The De Porres Club led many strikes and rallies to stop discrimination of African Americans in the Omaha area. From 1909 to 1919, the black population grew 113%, most of whom lived in North Omaha. The De Porres Club held their meetings at the Omaha Star when they ran out of funding to support their own facility.(National Register of Historic Places, 2007) The De Porres Club first meeting in Omaha attracted a total of forty-seven people. Rev. Markoe S.J. was a former West Point graduate recently banished from St. Louis University’s Jesuit community due to civil rights advocacy. Markoe’s goal for the De Porres club was “better racial relations through constructive actions, to banish every form of compulsory segregation and abolish any and all forms of discrimination against individuals because of race, color or creed.” Ultimately, Creighton University, fearful of public backlash, severed any and all ties from the organization. Brown and the De Porres Club took the Omaha community by storm with their civil rights movements. They had many strikes in the Omaha area and a few were with the Omaha and Council Bluffs Street Railway Company. (National Register of Historic Places, 2007)
In 1952, Brown and the De Porres Club challenged the Omaha and Council Bluffs Street Railway Company’s policy of no black bus drivers. In response, the streetcar management opined in 1952 that, “No white woman would be safe on a street car if there was a black [man] driving.” The Star pushed back forcefully against this discriminatory characterization. It provided upset readers with home address and phone numbers of company officials. Brown used the Star to keep people from using public transportation in Omaha by stating in an article to either pay less (18 pennies) or stay away. This transportation boycott was one of the first of the nationwide civil- rights transportation boycotts, and predated the Montgomery, Alabama bus boycott of 1955-1956 by a few years. (Forss, 2011)
Nationwide trends were also wrought with negativity. As streetcar popularity increased, so too did city congestion, waiting periods, and public complaints. Indeed, the history of streetcars is one of controversy between business and consumer. In order to maximize patronage and minimize expense, streetcars tended to serve only the locations of the highest densities, resulting in heavily- crowded city centers with ever-frustrating traffic jams. Despite growing public distaste for the perpetual ways of business within the streetcar industry, companies often failed to provide solutions, such as larger, faster, and more comfortable cars, as well as more frequent services. (Wells, 2014) Consumers frequently accused streetcar companies of other activities, including “bribing City Council members, disregarding the public's safety, ignoring the community's needs, abusing their franchise privileges, and profiting at the public's expense.” (Bottles, 1987) In Omaha, major union clashes and strikes against the OC&B took place in 1909, 1918, 1934, and 1935. (Orr, 1997) (Figure 4) The violence and unrest in June of 1935 was so overwhelming the city was put into martial law.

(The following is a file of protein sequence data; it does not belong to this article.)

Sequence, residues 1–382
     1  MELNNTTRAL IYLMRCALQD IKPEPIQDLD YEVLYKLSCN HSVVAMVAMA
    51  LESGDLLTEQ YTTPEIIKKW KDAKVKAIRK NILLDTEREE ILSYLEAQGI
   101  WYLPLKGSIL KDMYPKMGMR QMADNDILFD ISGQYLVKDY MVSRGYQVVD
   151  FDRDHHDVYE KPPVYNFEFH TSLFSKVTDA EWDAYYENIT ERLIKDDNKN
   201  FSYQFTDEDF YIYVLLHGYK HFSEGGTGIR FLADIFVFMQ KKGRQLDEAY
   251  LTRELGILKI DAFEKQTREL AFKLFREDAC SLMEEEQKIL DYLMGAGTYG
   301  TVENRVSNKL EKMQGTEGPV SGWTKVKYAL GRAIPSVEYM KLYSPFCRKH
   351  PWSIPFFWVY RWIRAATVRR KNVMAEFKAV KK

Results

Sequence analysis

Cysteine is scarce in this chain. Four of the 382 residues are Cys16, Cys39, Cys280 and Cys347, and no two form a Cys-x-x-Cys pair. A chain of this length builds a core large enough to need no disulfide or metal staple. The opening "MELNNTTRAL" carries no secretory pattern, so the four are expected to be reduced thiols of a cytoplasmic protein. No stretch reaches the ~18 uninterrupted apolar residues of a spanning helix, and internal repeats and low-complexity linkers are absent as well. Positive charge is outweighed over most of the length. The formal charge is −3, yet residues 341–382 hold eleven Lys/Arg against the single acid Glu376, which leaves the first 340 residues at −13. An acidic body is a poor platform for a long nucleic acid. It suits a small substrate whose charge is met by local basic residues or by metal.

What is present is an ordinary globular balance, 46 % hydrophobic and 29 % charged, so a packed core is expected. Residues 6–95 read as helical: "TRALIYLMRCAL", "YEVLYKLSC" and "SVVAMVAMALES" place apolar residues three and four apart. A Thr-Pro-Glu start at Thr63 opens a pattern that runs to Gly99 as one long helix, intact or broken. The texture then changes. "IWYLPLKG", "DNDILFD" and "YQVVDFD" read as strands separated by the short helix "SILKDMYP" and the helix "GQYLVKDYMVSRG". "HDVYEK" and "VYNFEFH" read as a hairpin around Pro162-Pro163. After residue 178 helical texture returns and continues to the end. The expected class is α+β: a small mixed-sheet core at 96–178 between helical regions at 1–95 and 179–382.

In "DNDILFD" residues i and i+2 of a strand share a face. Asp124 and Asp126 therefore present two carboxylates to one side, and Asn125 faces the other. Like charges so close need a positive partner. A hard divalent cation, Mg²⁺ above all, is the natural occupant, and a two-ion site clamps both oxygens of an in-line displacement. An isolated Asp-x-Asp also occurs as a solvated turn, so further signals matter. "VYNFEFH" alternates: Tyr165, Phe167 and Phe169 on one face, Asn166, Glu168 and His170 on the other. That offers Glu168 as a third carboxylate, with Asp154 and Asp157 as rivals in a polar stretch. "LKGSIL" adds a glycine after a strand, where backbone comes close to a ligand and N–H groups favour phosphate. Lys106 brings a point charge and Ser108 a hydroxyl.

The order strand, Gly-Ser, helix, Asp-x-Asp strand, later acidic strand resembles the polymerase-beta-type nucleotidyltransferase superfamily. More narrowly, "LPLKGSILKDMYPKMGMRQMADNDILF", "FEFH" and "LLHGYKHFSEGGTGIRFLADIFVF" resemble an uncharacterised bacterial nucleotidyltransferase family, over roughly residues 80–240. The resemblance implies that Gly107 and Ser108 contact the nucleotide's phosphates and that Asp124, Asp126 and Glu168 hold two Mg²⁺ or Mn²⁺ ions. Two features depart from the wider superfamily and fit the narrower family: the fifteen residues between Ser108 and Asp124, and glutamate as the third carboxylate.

All of the civil unrest, controversy, and public distaste of streetcar monopolies created a market for a new type of transportation, one for which consumers no longer needed to rely on time-schedules and station locations to commute. Indeed, automobiles liberated millions of Americans from reliance on streetcars; cities were also becoming increasingly decentralized, and many Americans were becoming less dependent on city centers for everyday items and services. These factors led to the stark decline of streetcar popularity beginning in the 1920s through the 50s. (Wells, 2014)
As streetcars declined, car markets boomed. With cars came ever-increasing city limits and an accelerated expansion of suburbia. It was during this era that the full environmental implications of urban and suburban expansion came to be realized. While the effects of replacing natural geographical landscapes with concrete and steel can have large effects on global and local environments, the effects of carbon emissions have global environmental implications.
The connection between rising CO2 emissions from the onset of the Industrial Revolution and rising global temperatures is well publicized. The exponential growth of CO2 from the nineteenth century into the twentieth century is frequently tied to global warming, as CO2 serves an ever-growing heat trap in our atmosphere, causing an overall warming of the climate. When examining the history of Western CO2 emissions, historians Christophe Bonneuil and Jean- Baptise Fressoz claim, “The suburbanization and motorization of Western societies are certainly the most massive example of a technological and civilizational choice that is profoundly suboptimal and harmful." (Bonneuil and Fressoz, 2015) The pattern of increased suburban sprawl with increased automobile usage correlates strongly with dramatic increases in CO2 emissions in the US during the mid- 1900s into the 1970s. Not only were people driving more, but city surface areas were also increasing. Alain Bertaud and Harry W. Richardson, well noted urban scholars, convincingly point to the relationships between city surface areas and CO2 emissions when comparing Atlanta with Barcelona. (Bertaud and Richardson, 2004)